Picturing Nietzsche’s Thus Spoke Zarathustra. Representing philosophical ideas in graphic novel format

Kilburn, Nathan (2016) Picturing Nietzsche’s Thus Spoke Zarathustra. Representing philosophical ideas in graphic novel format. PhD thesis, University of Bolton.

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This commentary appraises the approach and methodology used in a visual interpretation of Nietzsche’s Thus Spoke Zarathustra in the form of graphic narrative art. While not alone in the field of graphic novel adaptations, this research project presents, for the first time in English, an illustrative interpretation of all four parts of Thus Spoke Zarathustra, one that tackles Nietzsche’s challenging concepts in a more philosophically informed light through the praxis of the visual aphorism, which is posited as a visual counterpart to Nietzsche’s chosen form of rhetoric. The interpretation and depiction of Nietzsche’s concepts are considered alongside other attempts by graphic artists to represent literary and philosophical ideas in a visual format. Attention is also paid to Nietzsche’s distorted public reputation and, in particular, the way that his concept of the Übermensch has become synonymous with the DC character, Superman. Given how entrenched such an association is, this graphic reworking has sought to draw profitably on the links in order to make more contemporary sense of Nietzsche’s avatar, Zarathustra. Not only does this thesis contribute to knowledge in being the first comprehensive reworking of all four parts of Nietzsche’s text in graphic format, but also in developing the concept of the ‘visual aphorism’ as a powerful technique for representing complex philosophical and conceptual ideas.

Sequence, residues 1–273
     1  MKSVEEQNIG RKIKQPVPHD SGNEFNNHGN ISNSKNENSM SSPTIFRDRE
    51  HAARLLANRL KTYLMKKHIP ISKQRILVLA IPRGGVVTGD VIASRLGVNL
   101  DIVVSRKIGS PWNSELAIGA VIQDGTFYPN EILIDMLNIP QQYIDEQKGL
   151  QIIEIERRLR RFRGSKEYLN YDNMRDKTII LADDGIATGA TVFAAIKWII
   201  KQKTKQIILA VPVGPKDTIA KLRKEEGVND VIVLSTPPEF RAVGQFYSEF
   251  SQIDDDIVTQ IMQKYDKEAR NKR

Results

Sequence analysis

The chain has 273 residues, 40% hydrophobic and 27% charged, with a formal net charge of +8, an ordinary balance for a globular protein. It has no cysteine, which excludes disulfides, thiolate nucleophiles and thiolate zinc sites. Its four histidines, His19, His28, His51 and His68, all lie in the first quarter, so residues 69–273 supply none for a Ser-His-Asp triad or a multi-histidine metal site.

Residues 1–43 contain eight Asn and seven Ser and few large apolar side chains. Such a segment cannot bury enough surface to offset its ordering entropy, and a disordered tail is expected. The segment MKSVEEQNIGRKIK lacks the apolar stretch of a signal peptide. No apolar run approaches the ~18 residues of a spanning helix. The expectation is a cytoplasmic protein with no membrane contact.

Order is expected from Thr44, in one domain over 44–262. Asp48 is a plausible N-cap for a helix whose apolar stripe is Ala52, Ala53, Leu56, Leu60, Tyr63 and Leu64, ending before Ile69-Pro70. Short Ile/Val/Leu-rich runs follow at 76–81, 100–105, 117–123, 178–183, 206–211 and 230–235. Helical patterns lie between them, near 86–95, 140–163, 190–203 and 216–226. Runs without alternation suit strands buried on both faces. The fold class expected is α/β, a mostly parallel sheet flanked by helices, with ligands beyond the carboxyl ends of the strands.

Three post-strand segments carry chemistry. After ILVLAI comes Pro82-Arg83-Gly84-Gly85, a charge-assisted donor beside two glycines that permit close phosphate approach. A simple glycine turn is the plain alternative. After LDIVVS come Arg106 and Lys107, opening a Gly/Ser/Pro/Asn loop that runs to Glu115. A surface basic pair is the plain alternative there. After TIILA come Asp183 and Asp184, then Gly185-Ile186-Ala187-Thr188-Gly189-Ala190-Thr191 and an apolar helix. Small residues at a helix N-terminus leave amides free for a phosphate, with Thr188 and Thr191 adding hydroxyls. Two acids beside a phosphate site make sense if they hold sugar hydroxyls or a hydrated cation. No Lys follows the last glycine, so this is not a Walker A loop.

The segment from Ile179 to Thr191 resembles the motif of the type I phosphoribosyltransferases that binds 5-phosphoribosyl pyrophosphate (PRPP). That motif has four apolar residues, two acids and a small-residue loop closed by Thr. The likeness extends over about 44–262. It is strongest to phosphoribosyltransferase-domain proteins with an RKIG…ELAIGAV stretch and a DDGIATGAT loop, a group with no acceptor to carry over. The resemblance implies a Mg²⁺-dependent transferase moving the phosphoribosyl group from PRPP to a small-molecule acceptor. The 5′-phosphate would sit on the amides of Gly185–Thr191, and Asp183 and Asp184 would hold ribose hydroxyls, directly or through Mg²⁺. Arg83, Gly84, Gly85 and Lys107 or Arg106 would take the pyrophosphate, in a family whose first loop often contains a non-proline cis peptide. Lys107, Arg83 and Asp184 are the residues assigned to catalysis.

Item Type: Thesis (PhD)
Additional Information: Electronic version of thesis submitted in partial fulfilment of the requirements of the University of Bolton for the degree of Doctor of Philosophy
Divisions: University of Bolton Theses > Arts and Media Technologies
Depositing User: Tracey Gill
Date Deposited: 29 Jan 2018 18:26
Last Modified: 29 Jan 2018 18:26
URI: http://ubir.bolton.ac.uk/id/eprint/1307

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